“As business grows, the list of government regulations to which they must comply with also grows,” writes Lauren Gilmore. “This includes everything from laws concerning consumer and employee data security to minimum wage variances – and these regulation pressures do not disappear…if you’re expanding internationally, things can get pretty hairy if you’re unfamiliar with the rules and regulations of your new target market.”

Regulatory issues associated with business expansion are just as important as determining whether you’ll be able to maintain a positive cash flow. When you do your research, you can have confidence that you won’t run afoul of any local or federal regulations that could put a sudden (and possibly permanent) stop to your growth.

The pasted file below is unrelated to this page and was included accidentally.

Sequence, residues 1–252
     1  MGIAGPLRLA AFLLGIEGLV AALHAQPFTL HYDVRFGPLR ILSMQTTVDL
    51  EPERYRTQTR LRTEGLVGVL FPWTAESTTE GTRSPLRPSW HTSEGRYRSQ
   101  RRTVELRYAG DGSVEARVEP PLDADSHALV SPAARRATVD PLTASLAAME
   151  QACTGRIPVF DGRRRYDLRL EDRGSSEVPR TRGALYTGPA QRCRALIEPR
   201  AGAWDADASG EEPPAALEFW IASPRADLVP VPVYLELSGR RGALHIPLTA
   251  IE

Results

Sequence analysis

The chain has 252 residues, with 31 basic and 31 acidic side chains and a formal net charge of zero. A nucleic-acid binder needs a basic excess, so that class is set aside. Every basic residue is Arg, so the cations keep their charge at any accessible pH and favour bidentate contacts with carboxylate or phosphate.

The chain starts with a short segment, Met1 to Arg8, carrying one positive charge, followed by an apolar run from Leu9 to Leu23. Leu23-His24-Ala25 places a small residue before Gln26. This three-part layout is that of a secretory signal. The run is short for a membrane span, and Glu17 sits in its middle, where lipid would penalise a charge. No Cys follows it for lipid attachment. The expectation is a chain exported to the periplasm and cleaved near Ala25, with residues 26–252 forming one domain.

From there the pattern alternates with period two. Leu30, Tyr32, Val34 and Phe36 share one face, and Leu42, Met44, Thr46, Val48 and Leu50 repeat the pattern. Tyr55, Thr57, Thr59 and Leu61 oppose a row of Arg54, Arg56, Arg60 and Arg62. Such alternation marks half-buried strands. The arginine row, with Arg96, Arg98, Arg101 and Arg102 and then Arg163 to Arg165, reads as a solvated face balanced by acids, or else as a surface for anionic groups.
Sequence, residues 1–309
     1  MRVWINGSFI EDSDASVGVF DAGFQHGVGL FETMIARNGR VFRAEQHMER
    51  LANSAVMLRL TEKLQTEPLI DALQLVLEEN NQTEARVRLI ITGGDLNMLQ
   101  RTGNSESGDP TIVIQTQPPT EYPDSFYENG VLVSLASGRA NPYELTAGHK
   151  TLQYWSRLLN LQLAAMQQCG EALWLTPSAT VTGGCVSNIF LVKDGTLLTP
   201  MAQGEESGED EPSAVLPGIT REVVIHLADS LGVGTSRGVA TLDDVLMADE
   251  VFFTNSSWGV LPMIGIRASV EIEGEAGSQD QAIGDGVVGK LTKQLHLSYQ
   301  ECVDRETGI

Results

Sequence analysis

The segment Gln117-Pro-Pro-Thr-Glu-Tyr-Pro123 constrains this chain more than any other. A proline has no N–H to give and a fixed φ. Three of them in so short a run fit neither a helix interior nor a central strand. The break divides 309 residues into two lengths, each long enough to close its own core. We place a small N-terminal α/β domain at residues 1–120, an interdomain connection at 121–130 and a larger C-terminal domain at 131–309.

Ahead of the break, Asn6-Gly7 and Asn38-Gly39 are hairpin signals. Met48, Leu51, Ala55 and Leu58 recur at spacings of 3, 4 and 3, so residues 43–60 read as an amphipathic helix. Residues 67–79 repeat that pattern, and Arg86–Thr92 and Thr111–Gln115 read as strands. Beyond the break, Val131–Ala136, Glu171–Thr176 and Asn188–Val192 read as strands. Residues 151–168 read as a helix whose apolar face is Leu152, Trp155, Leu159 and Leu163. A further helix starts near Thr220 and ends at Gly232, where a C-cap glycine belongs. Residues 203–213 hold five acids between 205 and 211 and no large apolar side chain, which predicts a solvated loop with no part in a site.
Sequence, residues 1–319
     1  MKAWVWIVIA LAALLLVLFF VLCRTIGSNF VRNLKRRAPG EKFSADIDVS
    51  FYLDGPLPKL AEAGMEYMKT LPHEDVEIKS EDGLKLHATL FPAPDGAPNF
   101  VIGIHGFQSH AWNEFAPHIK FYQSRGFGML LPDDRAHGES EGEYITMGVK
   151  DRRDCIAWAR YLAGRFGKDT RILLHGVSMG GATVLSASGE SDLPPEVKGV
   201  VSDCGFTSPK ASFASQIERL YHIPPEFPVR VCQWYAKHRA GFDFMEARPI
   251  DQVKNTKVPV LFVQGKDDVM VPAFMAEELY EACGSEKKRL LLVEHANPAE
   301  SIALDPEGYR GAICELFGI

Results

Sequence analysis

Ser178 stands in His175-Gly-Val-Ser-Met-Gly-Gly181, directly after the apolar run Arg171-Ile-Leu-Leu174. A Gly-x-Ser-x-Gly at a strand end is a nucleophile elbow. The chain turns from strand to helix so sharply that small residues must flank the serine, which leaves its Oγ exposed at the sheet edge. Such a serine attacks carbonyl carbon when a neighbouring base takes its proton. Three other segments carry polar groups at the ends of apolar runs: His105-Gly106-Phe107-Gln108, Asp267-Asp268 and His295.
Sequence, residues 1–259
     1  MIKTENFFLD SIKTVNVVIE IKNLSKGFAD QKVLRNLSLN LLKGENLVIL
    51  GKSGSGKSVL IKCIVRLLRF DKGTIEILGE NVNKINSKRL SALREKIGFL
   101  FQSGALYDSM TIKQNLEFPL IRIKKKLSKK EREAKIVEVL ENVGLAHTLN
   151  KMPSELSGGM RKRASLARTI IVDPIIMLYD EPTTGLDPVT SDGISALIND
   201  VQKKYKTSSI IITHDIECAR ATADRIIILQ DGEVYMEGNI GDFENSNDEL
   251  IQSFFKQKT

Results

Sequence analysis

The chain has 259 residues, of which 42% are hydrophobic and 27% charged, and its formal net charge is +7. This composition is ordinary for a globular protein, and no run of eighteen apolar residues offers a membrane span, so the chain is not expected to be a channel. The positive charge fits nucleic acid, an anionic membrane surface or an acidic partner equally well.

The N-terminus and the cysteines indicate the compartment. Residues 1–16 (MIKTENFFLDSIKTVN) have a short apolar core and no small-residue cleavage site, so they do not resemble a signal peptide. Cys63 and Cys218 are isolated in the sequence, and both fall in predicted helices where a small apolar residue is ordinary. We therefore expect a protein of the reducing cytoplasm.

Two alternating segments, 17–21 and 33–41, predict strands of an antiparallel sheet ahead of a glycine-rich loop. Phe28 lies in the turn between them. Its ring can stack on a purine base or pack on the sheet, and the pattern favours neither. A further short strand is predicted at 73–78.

Planning for the Future

It’s tempting to try to rapidly scale your startup after you’ve tasted your first success. But I’ve seen far too many associates crash and burn because they tried to grow before they were truly ready.

Sometimes, the old cliché of “slow and steady wins the race” really does ring true.

As you take the time to lay the right foundation for your startup, you’ll be able to create a framework that helps you build up your strengths and overcome your weaknesses. By ensuring that your startup is truly prepared to scale, you’ll enjoy long-term success as you grow your business.

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Jeremy Webb

Chief technologi.st & Adventurer about.me/jeremy.webb

Jeremy Webb5 Tell-Tale Signs Your Startup Is Ready to Scale